THE SPOT PRICE of oil has begun to twitch nervously upward again. That's the price of the odd lots -- a barge load here, a tankerful there. It's a highly sensitive indicator of strain in the oil markets, and a rapid rise in the spot price becomes a signal and an incitement to the exporting governments to raise the contract prices at which most oil is traded. That's what happened at the end of 1978, as the Iranian revolution gathered momentum.
It need not happen again. As long as the fighting involves only Iran and Iraq, the loss of daily production will be only slightly larger than last summer's oversupply. More important, the context today is very different from that of two years ago. In the fall of 1978, most of the oil companies had let their stocks run comparatively low and were counting on heavy imports to carry them through the winter. This year, in contrast, companies throughout the world have filled every last tank, bucket and teacup to the brim -- and are counting on nothing. Steuart Petroleum Co., Washington's largest supplier of heating oil, says that it has enough in stock right now to carry its customers through January -- and nothing so far threatens further deliveries to Steuart.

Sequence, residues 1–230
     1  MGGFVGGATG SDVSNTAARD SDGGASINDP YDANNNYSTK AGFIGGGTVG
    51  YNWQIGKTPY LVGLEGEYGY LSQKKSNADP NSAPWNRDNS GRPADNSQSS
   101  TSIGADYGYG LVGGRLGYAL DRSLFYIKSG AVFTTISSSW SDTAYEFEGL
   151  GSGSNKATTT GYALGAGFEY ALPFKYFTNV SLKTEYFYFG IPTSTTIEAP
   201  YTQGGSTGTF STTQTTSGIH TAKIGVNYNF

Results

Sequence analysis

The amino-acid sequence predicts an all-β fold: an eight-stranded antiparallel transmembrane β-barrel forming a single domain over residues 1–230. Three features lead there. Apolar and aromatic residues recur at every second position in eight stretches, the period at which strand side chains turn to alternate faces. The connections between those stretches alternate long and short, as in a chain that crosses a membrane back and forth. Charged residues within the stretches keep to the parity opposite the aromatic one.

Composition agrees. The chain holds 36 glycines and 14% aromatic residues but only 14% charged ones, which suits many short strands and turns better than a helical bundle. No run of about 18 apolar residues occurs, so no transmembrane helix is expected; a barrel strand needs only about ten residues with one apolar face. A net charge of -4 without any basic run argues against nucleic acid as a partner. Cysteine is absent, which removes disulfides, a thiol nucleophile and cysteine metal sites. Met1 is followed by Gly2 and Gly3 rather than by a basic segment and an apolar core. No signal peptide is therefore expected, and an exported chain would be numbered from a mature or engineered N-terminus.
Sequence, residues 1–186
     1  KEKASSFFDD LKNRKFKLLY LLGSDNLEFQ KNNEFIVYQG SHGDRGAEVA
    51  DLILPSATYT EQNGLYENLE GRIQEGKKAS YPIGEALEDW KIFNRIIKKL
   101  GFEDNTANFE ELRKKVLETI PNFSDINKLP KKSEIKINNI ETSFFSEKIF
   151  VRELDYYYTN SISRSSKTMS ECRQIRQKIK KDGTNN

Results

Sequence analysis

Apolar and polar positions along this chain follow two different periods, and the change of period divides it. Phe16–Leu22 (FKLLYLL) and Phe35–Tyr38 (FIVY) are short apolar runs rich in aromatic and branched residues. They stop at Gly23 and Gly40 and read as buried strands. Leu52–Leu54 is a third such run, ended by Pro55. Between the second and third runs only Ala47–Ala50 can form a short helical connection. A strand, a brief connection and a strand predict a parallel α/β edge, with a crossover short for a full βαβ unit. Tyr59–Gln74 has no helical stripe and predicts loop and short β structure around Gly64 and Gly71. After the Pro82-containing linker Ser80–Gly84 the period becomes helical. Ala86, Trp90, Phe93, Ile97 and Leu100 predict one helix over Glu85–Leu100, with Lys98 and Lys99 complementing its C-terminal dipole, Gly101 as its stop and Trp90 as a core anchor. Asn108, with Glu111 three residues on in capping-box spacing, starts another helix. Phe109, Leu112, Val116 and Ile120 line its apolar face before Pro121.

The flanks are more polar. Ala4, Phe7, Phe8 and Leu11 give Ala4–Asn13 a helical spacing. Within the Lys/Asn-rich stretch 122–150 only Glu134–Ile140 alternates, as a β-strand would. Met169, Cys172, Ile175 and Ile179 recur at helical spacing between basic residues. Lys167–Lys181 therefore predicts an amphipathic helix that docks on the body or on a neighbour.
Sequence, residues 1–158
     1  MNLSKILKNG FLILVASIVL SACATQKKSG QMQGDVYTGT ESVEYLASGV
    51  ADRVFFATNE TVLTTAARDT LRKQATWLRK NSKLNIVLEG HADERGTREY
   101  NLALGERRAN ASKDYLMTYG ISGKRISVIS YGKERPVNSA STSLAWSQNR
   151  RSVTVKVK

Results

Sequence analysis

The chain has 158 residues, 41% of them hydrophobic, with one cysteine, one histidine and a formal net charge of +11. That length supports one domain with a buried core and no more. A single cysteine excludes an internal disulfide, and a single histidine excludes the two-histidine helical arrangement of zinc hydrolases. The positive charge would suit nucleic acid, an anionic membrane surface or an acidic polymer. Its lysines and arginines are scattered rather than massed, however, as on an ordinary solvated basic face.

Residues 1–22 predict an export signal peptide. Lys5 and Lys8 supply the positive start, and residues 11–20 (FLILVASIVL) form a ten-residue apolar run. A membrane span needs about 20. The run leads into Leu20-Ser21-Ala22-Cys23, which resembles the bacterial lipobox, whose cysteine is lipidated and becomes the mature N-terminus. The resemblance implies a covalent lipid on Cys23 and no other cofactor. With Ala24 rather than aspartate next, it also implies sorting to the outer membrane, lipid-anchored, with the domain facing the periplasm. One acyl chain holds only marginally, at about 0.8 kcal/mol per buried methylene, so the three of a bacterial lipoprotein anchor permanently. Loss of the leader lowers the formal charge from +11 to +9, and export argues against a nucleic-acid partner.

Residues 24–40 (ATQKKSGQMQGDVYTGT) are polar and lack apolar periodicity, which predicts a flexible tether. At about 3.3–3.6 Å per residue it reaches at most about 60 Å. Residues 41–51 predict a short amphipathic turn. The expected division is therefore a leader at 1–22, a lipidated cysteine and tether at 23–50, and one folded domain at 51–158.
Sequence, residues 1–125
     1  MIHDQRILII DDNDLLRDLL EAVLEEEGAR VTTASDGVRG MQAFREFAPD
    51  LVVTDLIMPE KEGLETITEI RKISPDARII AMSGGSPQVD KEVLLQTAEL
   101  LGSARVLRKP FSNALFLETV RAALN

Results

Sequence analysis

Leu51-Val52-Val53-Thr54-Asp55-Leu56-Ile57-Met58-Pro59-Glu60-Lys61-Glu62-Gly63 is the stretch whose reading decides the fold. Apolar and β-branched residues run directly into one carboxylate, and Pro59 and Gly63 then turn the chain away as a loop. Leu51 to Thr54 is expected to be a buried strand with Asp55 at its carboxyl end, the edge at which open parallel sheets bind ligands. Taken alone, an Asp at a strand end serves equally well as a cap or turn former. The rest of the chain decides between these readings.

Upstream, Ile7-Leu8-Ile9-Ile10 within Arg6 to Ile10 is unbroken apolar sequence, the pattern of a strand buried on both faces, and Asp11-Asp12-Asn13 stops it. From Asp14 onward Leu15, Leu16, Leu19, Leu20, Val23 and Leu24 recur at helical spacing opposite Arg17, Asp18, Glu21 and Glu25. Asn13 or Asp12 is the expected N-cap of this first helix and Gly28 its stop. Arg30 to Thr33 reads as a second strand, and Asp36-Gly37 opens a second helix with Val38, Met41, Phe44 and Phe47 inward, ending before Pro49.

Two years ago, the major industrial economies were expanding rapidly, driving up oil consumption. Today, several are in recession and others are running in second gear. Two years ago, American imports were rising strongly and keeping world markets tight even before the strikes started in the Iranian oil fields. Today, prices are up in the United States, imports are down, and world markets have been slack for months.
But a good deal now depends on the governments of the oil-importing countries, including this one, and the state of their nerves. The trouble started two years ago among the speculators and a few companies suddenly caught short of crude oil. But it was rapidly made much worse as some of the European governments pushed companies to grab anything loose on the spot market, regardless of price. The United States abstained at first, then changed its mind and joined the grabbing.
In retrospect, the major industrial countries have agreed that the great grab of early 1979 was a dreadful mistake. They have further agreed never to do anything like that again. No one can really control speculation in uneasy times, or the occasional desperate buyer. But governments of the industrial countries have enough influence over the oil trade to prevent any long, sustained, dangerous rise in the spot prices for oil. Keep an eye on that price: it will be an interesting test of these governments' ability to work together in a common purpose that all of them, at least in principle, accept.